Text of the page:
Creation Insights

Revealing the empirical case for
intelligent design and Bible science.

The Metaphysics of Evolution

Aldous Huxley: "I had motive for not wanting the world to have a meaning; consequently assumed that it had none, and was able without any difficulty to find satisfying reasons for this assumption. The philosopher who finds no meaning in the world is not concerned exclusively with a problem in pure metaphysics, he is also concerned to prove that there is no valid reason why he personally should not do as he wants to do, or why his friends should not seize political power and govern in the way that they find most advantageous to themselves. … For myself, the philosophy of meaninglessness was essentially an instrument of liberation, sexual and political." --Aldous Huxley, Ends and Means (London: Chatto & Windus, 1946), pp. 270, 273. (As quoted by Answers in Genesis at http://www.answersingenesis.org/Home/Area/tools/Quotes/huxley_a.asp, 10/13/04)

Thomas Nagel: “…I want atheism to be true and am made uneasy by the fact that some of the most intelligent and well-informed people I know are religious believers. It isn't just that I don't believe in God and, naturally, hope that I'm right in my belief. It's that I hope there is no God! I don't want there to be a God; I don't want the universe to be like that.
"My guess is that this cosmic authority problem is not a rare condition and it is responsible for much of the scientism and reductionism of our time. One of the tendencies it supports is the ludicrous overuse of evolutionary biology to explain everything about life, including everything about the human mind. Darwin enabled modern secular culture to heave a great collective sigh of relief, by apparently providing a way to eliminate purpose, meaning and design as fundamental features of the world. (Thomas Nagel 1997 The Last Word Oxford Univ Pr October 2001).

Edward Larson and Larry Witham, in writing correspondence to Nature magazine, reported findings and conclusion from their survey of scientists.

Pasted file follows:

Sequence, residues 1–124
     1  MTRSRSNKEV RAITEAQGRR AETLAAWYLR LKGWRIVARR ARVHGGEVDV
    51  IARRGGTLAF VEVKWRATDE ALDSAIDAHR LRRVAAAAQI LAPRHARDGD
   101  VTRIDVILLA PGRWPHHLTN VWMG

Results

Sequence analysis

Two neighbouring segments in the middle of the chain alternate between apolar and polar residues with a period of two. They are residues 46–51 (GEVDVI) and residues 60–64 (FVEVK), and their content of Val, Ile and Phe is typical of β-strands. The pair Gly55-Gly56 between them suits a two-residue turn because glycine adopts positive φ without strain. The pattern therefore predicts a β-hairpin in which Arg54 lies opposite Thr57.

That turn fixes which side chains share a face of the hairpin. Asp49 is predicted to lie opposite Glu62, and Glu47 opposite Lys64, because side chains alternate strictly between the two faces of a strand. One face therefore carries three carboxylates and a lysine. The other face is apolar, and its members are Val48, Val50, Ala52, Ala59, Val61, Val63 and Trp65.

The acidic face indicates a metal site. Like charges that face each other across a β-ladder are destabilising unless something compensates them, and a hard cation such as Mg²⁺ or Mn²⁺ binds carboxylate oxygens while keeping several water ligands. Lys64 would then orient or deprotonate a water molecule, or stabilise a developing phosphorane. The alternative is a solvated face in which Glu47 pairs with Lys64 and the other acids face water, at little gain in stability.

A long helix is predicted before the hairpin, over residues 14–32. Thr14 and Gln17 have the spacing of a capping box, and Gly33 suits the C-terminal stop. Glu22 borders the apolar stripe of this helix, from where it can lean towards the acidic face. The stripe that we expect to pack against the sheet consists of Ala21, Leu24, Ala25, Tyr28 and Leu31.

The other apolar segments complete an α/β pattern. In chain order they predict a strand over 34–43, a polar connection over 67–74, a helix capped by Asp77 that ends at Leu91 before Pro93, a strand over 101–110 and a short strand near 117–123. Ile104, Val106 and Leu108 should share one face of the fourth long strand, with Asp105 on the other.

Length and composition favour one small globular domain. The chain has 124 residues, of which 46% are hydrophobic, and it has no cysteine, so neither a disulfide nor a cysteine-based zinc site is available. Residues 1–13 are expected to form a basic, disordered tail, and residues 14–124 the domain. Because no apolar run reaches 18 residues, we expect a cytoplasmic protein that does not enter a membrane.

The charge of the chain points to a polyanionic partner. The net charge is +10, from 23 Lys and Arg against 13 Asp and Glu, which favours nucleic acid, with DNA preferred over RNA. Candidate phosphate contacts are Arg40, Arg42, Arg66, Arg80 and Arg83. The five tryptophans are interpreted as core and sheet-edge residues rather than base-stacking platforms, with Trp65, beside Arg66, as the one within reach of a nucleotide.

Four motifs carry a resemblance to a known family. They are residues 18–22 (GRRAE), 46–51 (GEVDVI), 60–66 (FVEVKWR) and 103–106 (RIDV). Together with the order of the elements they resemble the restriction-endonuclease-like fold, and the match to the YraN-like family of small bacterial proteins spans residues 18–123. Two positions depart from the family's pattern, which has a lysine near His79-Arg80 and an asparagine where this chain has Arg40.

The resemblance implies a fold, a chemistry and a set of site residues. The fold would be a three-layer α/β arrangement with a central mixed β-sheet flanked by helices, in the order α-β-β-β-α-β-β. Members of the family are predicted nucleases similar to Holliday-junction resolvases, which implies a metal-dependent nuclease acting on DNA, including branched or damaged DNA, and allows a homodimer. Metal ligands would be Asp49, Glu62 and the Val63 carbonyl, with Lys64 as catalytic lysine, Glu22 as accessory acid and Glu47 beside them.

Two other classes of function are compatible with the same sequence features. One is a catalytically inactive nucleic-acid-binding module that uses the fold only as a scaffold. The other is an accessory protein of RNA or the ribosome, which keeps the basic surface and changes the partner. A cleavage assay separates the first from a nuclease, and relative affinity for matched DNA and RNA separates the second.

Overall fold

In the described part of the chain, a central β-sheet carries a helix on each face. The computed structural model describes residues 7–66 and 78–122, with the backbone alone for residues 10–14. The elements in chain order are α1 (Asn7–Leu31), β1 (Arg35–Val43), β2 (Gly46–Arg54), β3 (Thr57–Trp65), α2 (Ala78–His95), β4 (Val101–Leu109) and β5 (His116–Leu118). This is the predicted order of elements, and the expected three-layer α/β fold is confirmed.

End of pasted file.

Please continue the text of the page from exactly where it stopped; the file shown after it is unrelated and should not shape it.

“Our chosen group of 'greater' scientists were members of the National Academy of Sciences (NAS). Our survey found near universal rejection of the transcendent by NAS natural scientists. Disbelief in God and immortality among NAS biological scientists was 65.2% and 69.0%, respectively, and among NAS physical scientists it was 79.0% and 76.3%.
“As we compiled our findings, the NAS issued a booklet encouraging the teaching of evolution in public schools, an ongoing source of friction between the scientific community and some conservative Christians in the United States. The booklet assures readers, ‘Whether God exists or not is a question about which science is neutral.’ NAS president Bruce Alberts said: ‘There are many very outstanding members of this academy who are very religious people, people who believe in evolution, many of them biologists.’ Our survey suggests otherwise.” (Edward J. Larson and Larry Witham. 1998. Leading scientists still reject God. Nature 394 (6691):313 © Macmillan Publishers Ltd.).

Dr William B. Provine, Professor of Biological Sciences, Cornell University stated, “Let me summarize my views on what modern evolutionary biology tells us loud and clear … There are no gods, no purposes, no goal-directed forces of any kind. There is no life after death. When I die, I am absolutely certain that I am going to be dead. That’s the end for me. There is no ultimate foundation for ethics, no ultimate meaning to life, and no free will for humans, either.” (Provine, W.B., Origins Research 16(1/2), p.9, 1994).

Comparative anatomist Michael Denton: "It was because Darwinian theory broke man's link with God and set him adrift in a cosmos without purpose or end that its impact was so fundamental. No other intellectual revolution in modern times . . so profoundly affected the way men viewed themselves and their place in the universe."—Michael Denton, Evolution: A Theory in Crisis (1985), p. 67 [Australian scientist and medical doctor].

 

"I had motive for not wanting the world to have a meaning; consequently assumed that it had none, and was able without any difficulty to find satisfying reasons for this assumption. The philosopher who finds no meaning in the world is not concerned exclusively with a problem in pure metaphysics, he is also concerned to prove that there is no valid reason why he personally should not do as he wants to do, or why his friends should not seize political power and govern in the way that they find most advantageous to themselves. … For myself, the philosophy of meaninglessness was essentially an instrument of liberation, sexual and political." --Aldous Huxley, Ends and Means (London: Chatto & Windus, 1946), pp. 270, 273. (As quoted by Answers in Genesis at this link, 10/13/04)

The details differ, but the essential elements in the astronomical and biblical accounts of Genesis are the same: the chain of events leading to man commenced suddenly and sharply at a definite moment in time, in a flash of light and energy ... For the scientist who has lived by his faith in the power of reason, the story ends like a bad dream. He has scaled the mountain of ignorance; he is about to conquer the highest peak; as he pulls himself over the final rock, he is greeted by a band of theologians who have been sitting there for centuries. Robert Jastrow, God and the Astronomers, W.W. Norton & Company, 160 pp., 1992/2000 (1992) pp.106-107